For the first time in a quarter century, the world’s
fleet of submarines is growing. Yet turbulent political waters and shifting requirements mean many
sub manufacturing projects are struggling to stay on
schedule, within budget and in scope.
The greater demand for submarines in the US$51
billion industry is being driven by existing fleets
aging out of commission, countries’ changing strategic threats, surging global trade (supported by
secure shipping routes) and the desire for new technologies, according to IBISWorld, an Australian
At least 17 countries have confirmed they are
creating or expanding their fleets, according to The
Wall Street Journal. (Countries closely guard mili-
tary plans, which makes tracking the exact number
of projects impossible.) Iran has announced project
plans to develop its own conventional subs as a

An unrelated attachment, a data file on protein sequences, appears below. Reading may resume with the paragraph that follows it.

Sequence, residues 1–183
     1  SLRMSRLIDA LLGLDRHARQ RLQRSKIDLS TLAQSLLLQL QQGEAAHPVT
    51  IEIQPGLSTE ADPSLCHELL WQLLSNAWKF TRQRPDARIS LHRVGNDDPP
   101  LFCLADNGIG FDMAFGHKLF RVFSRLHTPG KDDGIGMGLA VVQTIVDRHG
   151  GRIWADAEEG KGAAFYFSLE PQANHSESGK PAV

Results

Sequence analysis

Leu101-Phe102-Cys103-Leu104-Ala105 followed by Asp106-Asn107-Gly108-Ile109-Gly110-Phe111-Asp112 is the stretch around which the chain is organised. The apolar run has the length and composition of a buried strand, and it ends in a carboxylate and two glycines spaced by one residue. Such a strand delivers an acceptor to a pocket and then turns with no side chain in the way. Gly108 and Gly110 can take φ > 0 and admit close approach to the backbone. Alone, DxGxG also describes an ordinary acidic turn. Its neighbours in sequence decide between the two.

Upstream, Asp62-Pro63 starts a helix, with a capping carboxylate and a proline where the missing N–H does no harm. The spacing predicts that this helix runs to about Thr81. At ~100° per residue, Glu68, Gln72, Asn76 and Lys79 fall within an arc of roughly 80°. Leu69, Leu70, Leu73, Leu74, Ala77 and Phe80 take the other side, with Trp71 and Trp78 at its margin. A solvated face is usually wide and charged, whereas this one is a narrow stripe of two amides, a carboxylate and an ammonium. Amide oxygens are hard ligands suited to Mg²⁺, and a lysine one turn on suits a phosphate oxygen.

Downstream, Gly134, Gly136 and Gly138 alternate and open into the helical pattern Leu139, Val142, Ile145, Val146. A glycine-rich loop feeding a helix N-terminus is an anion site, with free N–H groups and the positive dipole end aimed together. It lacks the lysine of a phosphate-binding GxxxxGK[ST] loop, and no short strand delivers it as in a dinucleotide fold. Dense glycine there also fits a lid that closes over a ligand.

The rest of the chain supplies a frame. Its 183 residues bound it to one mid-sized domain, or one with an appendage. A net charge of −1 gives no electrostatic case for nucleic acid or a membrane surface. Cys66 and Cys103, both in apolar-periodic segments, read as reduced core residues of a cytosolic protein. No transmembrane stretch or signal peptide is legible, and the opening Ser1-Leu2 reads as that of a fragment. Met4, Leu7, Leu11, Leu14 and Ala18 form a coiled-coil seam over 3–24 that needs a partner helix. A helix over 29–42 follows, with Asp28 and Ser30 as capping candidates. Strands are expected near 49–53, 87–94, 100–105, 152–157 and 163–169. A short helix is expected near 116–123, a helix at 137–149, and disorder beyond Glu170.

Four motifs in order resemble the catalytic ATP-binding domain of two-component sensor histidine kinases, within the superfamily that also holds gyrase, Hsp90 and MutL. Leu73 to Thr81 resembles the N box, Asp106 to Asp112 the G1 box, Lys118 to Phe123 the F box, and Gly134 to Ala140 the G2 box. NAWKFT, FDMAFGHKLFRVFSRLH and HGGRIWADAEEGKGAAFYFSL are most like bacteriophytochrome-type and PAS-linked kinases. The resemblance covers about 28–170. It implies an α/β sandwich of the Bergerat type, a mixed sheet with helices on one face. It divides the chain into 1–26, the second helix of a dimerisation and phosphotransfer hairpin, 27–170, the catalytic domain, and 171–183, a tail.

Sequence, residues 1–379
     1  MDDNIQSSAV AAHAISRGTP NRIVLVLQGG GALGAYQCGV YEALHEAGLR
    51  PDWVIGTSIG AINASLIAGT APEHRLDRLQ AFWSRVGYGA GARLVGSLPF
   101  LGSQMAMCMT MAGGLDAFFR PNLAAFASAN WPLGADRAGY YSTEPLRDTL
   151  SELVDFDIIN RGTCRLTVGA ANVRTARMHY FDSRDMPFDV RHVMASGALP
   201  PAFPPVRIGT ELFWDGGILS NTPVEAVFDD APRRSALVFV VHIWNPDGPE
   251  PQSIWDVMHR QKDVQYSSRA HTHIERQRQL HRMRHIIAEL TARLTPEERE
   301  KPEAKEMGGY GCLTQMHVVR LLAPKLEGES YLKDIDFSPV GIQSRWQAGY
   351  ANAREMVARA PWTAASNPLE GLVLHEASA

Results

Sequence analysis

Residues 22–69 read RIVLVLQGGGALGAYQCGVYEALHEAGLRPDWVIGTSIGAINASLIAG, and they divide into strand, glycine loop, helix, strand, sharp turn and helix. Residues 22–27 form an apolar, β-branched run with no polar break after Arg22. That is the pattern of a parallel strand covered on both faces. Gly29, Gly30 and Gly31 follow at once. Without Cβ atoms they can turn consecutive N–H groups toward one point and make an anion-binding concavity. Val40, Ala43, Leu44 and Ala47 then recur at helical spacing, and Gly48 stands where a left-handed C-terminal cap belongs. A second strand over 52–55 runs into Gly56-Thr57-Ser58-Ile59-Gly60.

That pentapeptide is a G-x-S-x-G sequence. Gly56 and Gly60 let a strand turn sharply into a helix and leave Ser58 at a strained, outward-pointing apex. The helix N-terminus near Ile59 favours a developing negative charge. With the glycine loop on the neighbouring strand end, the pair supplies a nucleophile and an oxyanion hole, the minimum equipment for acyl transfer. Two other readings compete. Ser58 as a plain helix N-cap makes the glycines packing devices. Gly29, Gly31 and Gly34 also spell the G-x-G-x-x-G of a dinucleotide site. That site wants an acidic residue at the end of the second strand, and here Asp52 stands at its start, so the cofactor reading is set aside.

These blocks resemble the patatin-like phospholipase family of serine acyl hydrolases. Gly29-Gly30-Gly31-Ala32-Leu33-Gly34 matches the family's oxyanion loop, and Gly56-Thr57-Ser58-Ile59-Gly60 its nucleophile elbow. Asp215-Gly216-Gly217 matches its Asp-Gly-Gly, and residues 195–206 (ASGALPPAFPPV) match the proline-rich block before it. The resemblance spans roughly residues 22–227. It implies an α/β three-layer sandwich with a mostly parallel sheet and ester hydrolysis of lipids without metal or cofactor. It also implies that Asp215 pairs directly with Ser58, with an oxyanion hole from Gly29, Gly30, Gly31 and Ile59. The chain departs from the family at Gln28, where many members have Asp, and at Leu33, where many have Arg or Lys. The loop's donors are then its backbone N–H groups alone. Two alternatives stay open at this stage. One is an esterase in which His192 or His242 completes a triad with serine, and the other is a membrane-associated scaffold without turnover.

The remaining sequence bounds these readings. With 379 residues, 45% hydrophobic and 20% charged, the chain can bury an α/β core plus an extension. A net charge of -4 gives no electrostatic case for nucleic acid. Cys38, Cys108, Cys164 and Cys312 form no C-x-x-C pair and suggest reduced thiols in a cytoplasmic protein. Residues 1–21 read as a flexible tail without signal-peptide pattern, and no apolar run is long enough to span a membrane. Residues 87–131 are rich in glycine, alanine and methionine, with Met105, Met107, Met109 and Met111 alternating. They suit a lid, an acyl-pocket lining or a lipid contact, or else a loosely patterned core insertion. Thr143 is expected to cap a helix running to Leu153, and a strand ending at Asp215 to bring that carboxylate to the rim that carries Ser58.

supplement to those it bought from Russia in the
mid-1990s. China’s expansion of its nautical fleet,
including nuclear-powered subs, has sparked a wave
of submarine projects across Southeast Asia. Indo-
nesia, Singapore and Australia have all launched
initiatives to expand their fleets, while Vietnam is
sponsoring a project to build a submarine armed
with attack missiles capable of reaching China’s
It’s an ever-shifting cycle: As one country’s
portfolio of defense projects evolves, those in other
countries react. And that impacts defense contractors and military project practitioners tasked with
managing and meeting project requirements.
When a submarine project hits a setback, the schedule delays and cost overruns tend to be mammoth.
Those troubles can draw international attention.
A 19-year, £ 10 billion program to create seven
submarines in the United Kingdom has been
plagued with technical problems, delays and cost
overruns. In 2014 alone, the program ran £87.5
million over budget. With just two subs com-
Workers attend a ceremony
to launch the Russian
Stary Oskol in 2014.
Source: The Wall Street Journal